The Supreme Court of Canada has today allowed Ecuador pollution
plaintiffs to try to seek enforcement against Chevron Canada of
a multibillion-dollar damage award against Chevron
Corporation for oil pollution in Ecuador: Chevron Corp. v. Yaiguaje.
According to the court, this is a relatively simple question of
the mutual respect owed between states. Those who obtain a
"legitimate" foreign judgment may ask Canadian courts to
enforce it in Canada against a defendant who operates and has
assets here, whether or not there was a "real and
substantial" connection between the lawsuit and the Canadian
However, the court went out of its way to emphasize that it is
not prejudging any of the merits of the claim, including:
whether a judgment against Chevron
can be enforced against Chevron Canada, which is a different
whether there are other reasons not
to enforce the judgment at all, i.e. whether the Ecuador judgment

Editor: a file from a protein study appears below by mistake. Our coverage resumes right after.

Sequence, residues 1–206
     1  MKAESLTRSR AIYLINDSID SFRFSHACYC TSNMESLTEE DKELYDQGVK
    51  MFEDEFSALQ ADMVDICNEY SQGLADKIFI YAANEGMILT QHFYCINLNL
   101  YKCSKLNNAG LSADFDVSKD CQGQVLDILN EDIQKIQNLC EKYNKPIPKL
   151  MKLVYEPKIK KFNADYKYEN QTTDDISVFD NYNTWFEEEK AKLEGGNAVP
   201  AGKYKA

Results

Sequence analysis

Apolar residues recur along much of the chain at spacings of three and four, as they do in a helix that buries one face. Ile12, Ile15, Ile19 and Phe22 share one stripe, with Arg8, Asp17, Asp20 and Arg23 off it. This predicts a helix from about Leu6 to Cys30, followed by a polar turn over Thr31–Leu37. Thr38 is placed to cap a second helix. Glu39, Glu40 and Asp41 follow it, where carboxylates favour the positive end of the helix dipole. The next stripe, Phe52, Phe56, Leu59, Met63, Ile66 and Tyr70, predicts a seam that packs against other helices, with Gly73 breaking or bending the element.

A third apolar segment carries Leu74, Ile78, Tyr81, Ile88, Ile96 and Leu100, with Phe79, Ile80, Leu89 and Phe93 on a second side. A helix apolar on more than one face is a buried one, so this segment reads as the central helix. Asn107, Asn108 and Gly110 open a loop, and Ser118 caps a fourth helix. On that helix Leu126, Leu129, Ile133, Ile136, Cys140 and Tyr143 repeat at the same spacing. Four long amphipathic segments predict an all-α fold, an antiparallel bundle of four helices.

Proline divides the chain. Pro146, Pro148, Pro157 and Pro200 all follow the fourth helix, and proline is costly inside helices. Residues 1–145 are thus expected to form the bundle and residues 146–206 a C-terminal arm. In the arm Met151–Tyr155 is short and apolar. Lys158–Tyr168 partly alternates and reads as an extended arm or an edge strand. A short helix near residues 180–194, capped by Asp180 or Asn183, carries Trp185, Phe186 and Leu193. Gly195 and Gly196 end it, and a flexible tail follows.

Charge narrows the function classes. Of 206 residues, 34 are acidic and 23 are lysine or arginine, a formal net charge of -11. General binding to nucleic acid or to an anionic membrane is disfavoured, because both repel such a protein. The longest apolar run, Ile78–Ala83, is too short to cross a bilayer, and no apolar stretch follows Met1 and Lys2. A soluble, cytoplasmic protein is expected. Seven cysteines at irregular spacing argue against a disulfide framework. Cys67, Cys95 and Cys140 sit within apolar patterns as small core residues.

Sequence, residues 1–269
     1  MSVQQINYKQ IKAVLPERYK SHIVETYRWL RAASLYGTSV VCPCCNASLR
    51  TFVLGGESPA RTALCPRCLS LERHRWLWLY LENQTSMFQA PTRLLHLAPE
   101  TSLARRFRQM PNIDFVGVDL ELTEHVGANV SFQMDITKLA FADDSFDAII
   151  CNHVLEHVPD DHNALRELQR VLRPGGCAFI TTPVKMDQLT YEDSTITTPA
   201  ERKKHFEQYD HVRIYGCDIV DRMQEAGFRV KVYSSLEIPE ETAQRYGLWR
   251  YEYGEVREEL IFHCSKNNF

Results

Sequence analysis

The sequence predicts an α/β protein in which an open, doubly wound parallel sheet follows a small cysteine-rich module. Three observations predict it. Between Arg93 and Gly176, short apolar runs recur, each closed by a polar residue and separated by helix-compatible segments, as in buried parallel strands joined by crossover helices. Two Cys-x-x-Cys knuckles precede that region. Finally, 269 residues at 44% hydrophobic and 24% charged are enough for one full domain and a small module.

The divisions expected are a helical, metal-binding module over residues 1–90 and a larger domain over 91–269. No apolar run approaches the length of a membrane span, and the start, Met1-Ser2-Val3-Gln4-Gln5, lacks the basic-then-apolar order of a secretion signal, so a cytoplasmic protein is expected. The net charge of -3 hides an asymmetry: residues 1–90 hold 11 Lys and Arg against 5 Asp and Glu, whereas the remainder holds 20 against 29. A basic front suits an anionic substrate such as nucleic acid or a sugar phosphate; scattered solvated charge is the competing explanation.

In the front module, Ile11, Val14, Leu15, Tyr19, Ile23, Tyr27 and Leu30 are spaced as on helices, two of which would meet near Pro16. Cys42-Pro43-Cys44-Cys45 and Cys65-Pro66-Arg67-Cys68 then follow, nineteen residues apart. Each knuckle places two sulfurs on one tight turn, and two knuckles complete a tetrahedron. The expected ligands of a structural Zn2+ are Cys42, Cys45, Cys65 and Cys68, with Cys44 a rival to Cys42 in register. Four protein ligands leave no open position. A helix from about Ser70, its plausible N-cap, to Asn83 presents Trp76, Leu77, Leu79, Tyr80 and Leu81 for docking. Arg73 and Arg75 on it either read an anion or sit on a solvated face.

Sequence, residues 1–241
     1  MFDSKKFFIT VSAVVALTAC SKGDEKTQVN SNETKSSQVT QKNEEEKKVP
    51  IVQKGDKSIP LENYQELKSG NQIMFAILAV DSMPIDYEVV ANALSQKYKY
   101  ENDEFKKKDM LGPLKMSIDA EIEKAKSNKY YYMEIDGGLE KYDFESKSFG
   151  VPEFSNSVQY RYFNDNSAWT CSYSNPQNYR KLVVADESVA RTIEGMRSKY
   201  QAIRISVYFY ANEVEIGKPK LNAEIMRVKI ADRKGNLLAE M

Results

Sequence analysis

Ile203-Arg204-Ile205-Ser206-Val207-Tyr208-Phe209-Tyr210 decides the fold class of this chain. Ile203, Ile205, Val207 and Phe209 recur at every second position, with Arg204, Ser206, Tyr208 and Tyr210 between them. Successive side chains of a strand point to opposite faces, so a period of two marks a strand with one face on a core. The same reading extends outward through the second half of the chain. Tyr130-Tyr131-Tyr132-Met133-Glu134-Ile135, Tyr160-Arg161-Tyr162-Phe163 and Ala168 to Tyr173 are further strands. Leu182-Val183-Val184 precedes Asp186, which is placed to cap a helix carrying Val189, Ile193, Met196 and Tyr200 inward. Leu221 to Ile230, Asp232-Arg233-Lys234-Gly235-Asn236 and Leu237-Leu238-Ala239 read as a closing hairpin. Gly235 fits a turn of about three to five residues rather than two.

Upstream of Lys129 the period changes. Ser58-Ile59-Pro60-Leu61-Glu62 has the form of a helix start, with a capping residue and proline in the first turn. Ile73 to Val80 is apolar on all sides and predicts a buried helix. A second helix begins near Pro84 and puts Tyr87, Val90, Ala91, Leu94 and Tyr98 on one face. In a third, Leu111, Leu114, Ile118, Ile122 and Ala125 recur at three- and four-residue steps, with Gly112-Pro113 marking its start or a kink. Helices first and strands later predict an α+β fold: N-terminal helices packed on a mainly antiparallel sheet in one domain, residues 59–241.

against Chevron is a "legitimate judicial act", or
"Legitimate judicial acts should be respected and enforced,
not sidetracked or ignored.....
The establishment of jurisdiction does not mean that the
plaintiffs will necessarily succeed in having the Ecuadorian
judgment recognized and enforced. A finding of jurisdiction does
nothing more than afford the plaintiffs the opportunity to seek
recognition and enforcement of the Ecuadorian judgment. Once past
the jurisdictional stage, Chevron and Chevron Canada can use the
available procedural tools to try to dispose of the plaintiffs'
allegations. This possibility is foreign to and remote from the
questions that must be resolved on this appeal.
Further, the conclusion that the Ontario courts have
jurisdiction in this case should not be understood to prejudice
future arguments with respect to the distinct corporate
personalities of Chevron and Chevron Canada or whether Chevron
Canada's shares or assets will be available to satisfy
Chevron has lost a skirmish against the Ecuador pollution
plaintiffs, but the major battles are still ahead.
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